The lead scientist or principle investigator funded by his/her country provides instrumentation (or fabrication plans) and data distribution
The host country provides the workforce, facilities, and operational support typically at a local university.
Host scientists become part of science team
All data and data analysis activity are shared
All scientists participate in publications and
scientific meetings where possible
New instrument arrays are welcome. To propose new instrument array, please contact Dr. Nat Gopalswamy, e-mail: nat.gopalswamy[at]nasa.gov
Map of the geographical position of ISWI instruments can be found here.
List of ISWI Projects
Updated on 30 Apr 2014, 6 March 2016, 27 Feb 2017, 30 Nov 2017 and 23 Jan 2018.
Scroll down to see changes.
Atmospheric Electric Field Network in South America (AFINSA) Lead Scientist: Dr. Jean-Pierre Raulin (Universidade Presbiteriana Mackenzie) Brazil Objective: To obtain a daily variation curve of the fair weather Atmospheric Electric Field (AEF) (standard curve) based on means on different time scales, such as monthly, seasonal and annual.
African Meridian B-field Education and Research (AMBER) Lead Scientists: Dr. Endawoke Yizengaw (Boston College) and Dr. Mark Moldwin (Uni of Michigan) United States Objective: Understand low latitude electrodynamics, ULF pulsations, effect of Pc5 ULF on MeV electron population in inner radiation belts
African Dual Frequency GPS Network (AMMA) Lead Scientist: Dr. Olivier Bock (IGN) France Objective: To increase the number of real-time dual-frequency GPS stations worldwide for the study of ionospheric variability, response of the ionospheric total electron content (TEC) during geomagnetic storms over the African sector.
Atmospheric Weather Education System for Observation and Modeling of Effects (AWESOME) and SID (Sudden Ionospheric Disturbance Monitor) Lead Scientist:
Dr. Morris Cohen (Georgia Tech), Dr. Umran S. Inan (Stanford), and Ms. Deborah Scherrer (Stanford) US Objective:
Lightning, electron precipitation, sprites and elves, terrestrial gamma ray flashes, whistlers, geomagnetic storms, radio atmospherics.
Boston University All-Sky Imaging Network (BU_ASI) Lead Scientist: Dr. Michael Mendillo and Dr. Carlos Martinis (Boston Uni) United States Objective: The BU all-sky imager network has been built to study magnetically conjugate processes in the thermosphere-ionosphere from low latitudes to sub-auroral latitudes.
Compound Astronomical Low-cost Low-frequency Instrument for Spectroscopy and Transportable Observatory (CALLISTO) Lead Scientist: Arnold Otto Benz, Christian Andreas Monstein (IRSOL) and André Csillaghy (FHNW) Switzerland Objective: Study the magnetic activity of a wide range of astrophysical objects with emphasis on the Sun and cool stars
Coherent Ionospheric Doppler Receivers (CIDR) Lead Scientist: Prof. Ayman Mahrous (Helwan University, Egypt) and Dr. Trevor W. Garner(U Tex) United States Objective: To tomographically reconstruct the ionosphere and to provide input to Data Assimilation models
Global Ionosphere Flare Detection System (GIFDS) Lead Scientist: Dr. Norbert Jakowski and Daniela Banyś (German Aerospace Center) Germany Objective: To issue warnings for mitigating space weather impact on sensitive technologies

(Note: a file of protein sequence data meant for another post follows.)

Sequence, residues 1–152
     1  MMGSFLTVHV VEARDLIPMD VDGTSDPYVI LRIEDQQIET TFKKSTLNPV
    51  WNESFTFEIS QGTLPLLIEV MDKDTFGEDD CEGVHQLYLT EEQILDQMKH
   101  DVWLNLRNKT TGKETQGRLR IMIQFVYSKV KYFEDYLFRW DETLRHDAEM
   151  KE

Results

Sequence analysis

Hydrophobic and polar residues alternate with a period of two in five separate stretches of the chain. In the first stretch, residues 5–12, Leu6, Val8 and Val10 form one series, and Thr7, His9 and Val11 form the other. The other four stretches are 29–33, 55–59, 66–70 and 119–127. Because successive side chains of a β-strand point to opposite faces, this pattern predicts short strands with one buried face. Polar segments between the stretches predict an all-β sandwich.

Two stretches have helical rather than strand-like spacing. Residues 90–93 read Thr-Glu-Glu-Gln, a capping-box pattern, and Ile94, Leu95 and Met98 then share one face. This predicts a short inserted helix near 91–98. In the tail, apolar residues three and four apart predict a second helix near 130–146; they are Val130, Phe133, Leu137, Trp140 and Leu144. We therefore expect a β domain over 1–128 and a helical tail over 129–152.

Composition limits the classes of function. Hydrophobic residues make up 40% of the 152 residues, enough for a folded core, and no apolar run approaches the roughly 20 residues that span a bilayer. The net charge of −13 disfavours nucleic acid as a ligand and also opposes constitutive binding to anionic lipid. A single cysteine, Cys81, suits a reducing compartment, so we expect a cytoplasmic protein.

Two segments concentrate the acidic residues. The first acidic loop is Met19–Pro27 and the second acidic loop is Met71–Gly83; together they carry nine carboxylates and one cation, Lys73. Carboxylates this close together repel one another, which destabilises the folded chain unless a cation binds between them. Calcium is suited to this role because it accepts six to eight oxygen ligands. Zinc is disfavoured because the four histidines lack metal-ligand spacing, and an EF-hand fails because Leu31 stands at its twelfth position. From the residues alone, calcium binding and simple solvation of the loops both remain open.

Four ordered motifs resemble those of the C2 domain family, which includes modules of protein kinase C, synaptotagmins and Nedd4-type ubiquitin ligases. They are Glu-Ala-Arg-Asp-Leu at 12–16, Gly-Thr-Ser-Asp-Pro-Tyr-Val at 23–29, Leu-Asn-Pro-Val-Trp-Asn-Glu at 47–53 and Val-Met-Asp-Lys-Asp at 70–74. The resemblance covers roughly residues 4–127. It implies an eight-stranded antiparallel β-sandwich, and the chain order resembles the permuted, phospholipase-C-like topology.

Global Muon Detector Network (GMDN) Lead Scientist: Chihiro Kato (Shinsu U) Japan Objective: To identify the precursory decrease of cosmic ray intensity that takes place more than one day prior to the Earth-arrival of shock driven by an interplanetary coronal mass ejection
Low-latitude Ionosphere Sensor Network (LISN) Lead Scientist: Dr. Cesar Valladeres (Boston College) United States Objective: To monitor and specify the conditions of the equatorial and low-latitude ionosphere over South America.
Magnetic Data Acquisition System (MAGDAS) Lead Scientist: Dr. Kiyohumi Yumoto and Dr. Akimasa Yoshikawa (Kyushu U) Japan Objective: Study of dynamics of geospace plasma changes during magnetic storms and auroral substorms, the electromagnetic response of iono-magnetosphere to various solar wind changes, and the penetration and propagation mechanisms of DP2-ULF range disturbances
Remote Equatorial Nighttime Observatory for Ionospheric Regions (RENOIR) Lead Scientist: Dr. Jonathan J. Makela (U Illinois) United States Objective: Study the equatorial/low-latitude ionosphere/thermosphere system, its response to storms, and the irregularities that can be present on a daily basis.
Realistic Ionosphere (RI) Lead Scientists: Dr. Bodo Reinisch and Dr. Ivan Galkin (U of Massachusetts Lowell) United States Objective: To provide accurate and prompt nowcast of the 3D global plasma density distribution in the subpeak ionosphere.
South America Very Low frequency Network (SAVNET) Lead Scientist: Dr. Jean-Pierre Raulin (U Presbiteriana) Brazil Objective: Study of the SAMA region at low ionospheric altitudes and its structure and dynamics during geomagnetic perturbations
Scintillation Network Decision Aid (SCINDA) Lead Scientist: Dr. Keith Groves (Hanscom AFRL) United States Objective: Study equatorial ionospheric disturbances to aid in the specification and prediction of communications degradation due to ionospheric scintillation in the earth's equatorial region
Space Environment Viewing and Analysis Network (SEVAN) Lead Scientist: Dr. Ashot Chilingarian (Aragats) Armenia Objective: To improve short and long-term forecasts of dangerous consequences of space storms
Solar Flares detected by Ionospheric Effects (SOFIE) Lead Scientists: Dr. Norbert Jakowski and Alexander Kasten (German Aerospace Center (DLR)) Germany Objective: To detect solar radio bursts (solar flares) by measuring countinously the intensity of VLF radio signals considering ionospheric propagation effects on radio waves